California Small Businesses Say New Privacy Act Hurts at Worst Time

May 12, 2020 Updated: May 13, 2020

ORANGE, Calif.⁠—On behalf of California’s small-business owners who are losing income due to the COVID-19 pandemic, business leaders are asking for a new data privacy initiative to be temporarily shelved.

As of Jan. 1, companies had to comply with the California Consumer Privacy Act (CCPA), which requires some businesses that collect consumer data to give consumers access to that information and allow them to refuse its sale to third parties.

A new initiative—the California Privacy Rights Act (CPRA)—would add regulations and compliance costs to the CCPA, according to the National Federation of Independent Business (NFIB).

Californians for Consumer Privacy, the group behind the initiative, announced on May 4 it had gathered enough signatures to place the measure on the November ballot. 

In a May 5 letter addressed to Alastair Mactaggart, chair of Californians for Consumer Privacy, the NFIB and 19 other organizations implored that he withdraw the ballot initiative.

“In times like this, we believe it is unreasonable to add new mandates on businesses, higher compliance costs, and additional burdens on the state economy,” the letter states.

Small-business owner Teresa Razo told The Epoch Times that any additional costs right now could make her operations unsustainable. She was already struggling to navigate the CCPA—and that was before the pandemic.

While most of the new CCRA provisions wouldn’t go into effect until 2023, she expects that it may take years to recover from current damage to her business. 

‘Time and Money’

“Everything is time and money, unfortunately,” she told The Epoch Times. “And as small-business owners, that’s what we don’t have.”

Because all the laws are changing, she said, it’s become essential to pay for expert advice on compliance. 

“It has been really, really hard.”

She and her husband, Leo, own two restaurants in Orange County: Cambalache Grill in Fountain Valley, and Villa Roma in Laguna Hills.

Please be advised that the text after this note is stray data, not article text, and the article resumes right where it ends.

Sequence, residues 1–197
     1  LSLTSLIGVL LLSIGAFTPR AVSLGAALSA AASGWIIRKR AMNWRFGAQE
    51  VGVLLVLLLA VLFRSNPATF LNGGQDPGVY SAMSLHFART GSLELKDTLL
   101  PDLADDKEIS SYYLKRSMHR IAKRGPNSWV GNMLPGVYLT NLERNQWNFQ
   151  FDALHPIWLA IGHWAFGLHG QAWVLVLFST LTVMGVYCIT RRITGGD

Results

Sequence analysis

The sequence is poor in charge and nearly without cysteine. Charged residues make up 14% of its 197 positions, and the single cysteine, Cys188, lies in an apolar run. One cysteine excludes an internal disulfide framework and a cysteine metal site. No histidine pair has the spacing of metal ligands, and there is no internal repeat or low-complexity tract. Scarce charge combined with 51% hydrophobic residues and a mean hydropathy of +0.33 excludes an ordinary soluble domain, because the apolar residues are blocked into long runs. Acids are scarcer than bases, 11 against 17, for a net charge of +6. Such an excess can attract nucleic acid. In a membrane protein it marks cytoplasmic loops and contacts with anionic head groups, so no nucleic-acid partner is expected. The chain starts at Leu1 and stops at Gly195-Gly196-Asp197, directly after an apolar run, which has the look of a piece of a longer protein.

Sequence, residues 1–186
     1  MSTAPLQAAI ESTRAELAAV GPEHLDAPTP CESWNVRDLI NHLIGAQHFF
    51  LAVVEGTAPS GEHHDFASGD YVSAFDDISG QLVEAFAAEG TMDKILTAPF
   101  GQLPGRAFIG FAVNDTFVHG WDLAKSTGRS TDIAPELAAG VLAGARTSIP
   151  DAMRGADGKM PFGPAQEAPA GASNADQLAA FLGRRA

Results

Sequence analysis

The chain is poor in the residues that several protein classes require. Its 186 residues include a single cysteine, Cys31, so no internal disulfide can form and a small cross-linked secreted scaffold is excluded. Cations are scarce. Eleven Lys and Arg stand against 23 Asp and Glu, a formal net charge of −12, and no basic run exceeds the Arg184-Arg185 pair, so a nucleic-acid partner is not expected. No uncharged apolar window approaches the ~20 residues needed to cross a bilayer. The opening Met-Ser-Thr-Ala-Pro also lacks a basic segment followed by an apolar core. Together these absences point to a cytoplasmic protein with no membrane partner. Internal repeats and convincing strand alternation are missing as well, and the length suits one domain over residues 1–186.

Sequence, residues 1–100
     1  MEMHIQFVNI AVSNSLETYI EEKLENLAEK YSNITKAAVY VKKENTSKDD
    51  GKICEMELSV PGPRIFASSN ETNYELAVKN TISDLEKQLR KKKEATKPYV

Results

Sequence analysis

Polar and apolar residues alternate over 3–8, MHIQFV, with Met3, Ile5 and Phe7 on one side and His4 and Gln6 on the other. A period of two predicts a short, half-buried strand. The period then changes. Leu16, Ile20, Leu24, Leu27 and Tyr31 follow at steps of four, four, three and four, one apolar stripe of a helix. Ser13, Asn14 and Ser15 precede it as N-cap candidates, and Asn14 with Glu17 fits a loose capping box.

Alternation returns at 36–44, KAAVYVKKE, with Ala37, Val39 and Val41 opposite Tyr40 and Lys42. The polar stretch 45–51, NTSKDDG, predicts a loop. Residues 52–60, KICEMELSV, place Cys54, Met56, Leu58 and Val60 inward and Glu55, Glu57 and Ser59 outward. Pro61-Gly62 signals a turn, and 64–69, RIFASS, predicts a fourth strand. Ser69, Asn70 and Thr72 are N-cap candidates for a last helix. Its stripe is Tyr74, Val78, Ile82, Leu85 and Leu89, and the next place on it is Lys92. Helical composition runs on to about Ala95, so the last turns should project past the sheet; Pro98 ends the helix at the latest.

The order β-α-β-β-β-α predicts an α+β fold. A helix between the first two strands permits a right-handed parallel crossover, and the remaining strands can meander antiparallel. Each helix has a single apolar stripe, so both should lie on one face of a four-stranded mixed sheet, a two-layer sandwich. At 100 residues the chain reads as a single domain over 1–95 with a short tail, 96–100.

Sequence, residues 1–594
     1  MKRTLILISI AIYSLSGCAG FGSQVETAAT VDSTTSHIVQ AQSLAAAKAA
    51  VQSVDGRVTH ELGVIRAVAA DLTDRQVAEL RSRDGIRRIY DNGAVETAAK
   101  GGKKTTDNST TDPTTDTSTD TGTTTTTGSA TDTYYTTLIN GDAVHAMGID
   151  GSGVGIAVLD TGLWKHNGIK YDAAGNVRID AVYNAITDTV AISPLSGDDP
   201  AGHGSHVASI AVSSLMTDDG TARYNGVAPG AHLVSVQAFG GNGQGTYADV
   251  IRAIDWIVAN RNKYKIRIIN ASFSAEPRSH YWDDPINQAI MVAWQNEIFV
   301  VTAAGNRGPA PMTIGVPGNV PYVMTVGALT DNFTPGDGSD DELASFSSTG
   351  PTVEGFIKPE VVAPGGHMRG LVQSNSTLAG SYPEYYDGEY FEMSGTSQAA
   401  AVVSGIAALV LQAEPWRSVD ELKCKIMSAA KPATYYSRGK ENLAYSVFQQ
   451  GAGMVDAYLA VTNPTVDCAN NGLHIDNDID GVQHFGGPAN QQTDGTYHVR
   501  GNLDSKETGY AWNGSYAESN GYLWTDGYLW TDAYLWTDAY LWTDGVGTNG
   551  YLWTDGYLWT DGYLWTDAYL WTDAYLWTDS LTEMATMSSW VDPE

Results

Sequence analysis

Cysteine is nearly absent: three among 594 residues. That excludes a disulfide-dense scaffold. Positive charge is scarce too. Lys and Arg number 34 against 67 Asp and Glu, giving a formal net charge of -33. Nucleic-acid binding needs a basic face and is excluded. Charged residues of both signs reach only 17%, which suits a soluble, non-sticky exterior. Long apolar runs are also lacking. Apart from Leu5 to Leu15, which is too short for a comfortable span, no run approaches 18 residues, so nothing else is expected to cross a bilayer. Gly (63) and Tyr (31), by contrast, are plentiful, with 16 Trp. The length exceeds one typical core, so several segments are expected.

Epoch Times Photo
Teresa and Leo Razo. (Courtesy of Teresa Razo)
Epoch Times Photo
Leo Razo works as the executive chef at a restaurant he owns with his wife, Cambalache Grill in Fountain Valley, Calif. (Courtesy of Teresa Razo)

Gov. Gavin Newsom’s March 19 stay-at-home order immediately affected her financially. Cambalache Grill’s revenue dropped 78 percent “within days,” she said.

“I think probably one of the hardest things I had to face … was to lay off some of my staff,” she added. “Especially my staff that’s been with me for 10, 12 years.”

The other restaurant, Villa Roma, fared somewhat better, because one half of the building functions as a market and deli. Even so, income rapidly dropped by 60 percent.

“The first week I was a mess,” Razo said.

Since then, things have gotten steadily worse for Razo, who is also president of the Fountain Valley Restaurant Association and a member of the Orange County Hispanic Chamber of Commerce.

“There’s a chance that we could lose … both [businesses],” she said. “But, you know, there’s a big chance we’re losing one.”

Any additional costs could be the difference between surviving or going under, she said.

“We’ve always put business, employees, and community first, and then sometimes, we pay ourselves,” she said. She added that “all these regulations” associated with the CCPA are going to “put an extra burden on us.”

“It’s time and money,” she says. “And sometimes, you know, it’s something where you have to have each of your employees under certain training … And it’s not that we have a couple thousand dollars there, just to see what we can spend it on—especially now.”

Mactaggart’s Response

But Californians for Consumer Privacy has no intention of postponing the initiative.

“I’m not receptive to this notion that because of coronavirus we now need to [withdraw CPRA],” Mactaggart told The Epoch Times. “I think businesses and various chambers of commerce … have used, in the last five years, every excuse under the sun to claim that privacy is incompatible with good business or profitability. I don’t agree with that at all.”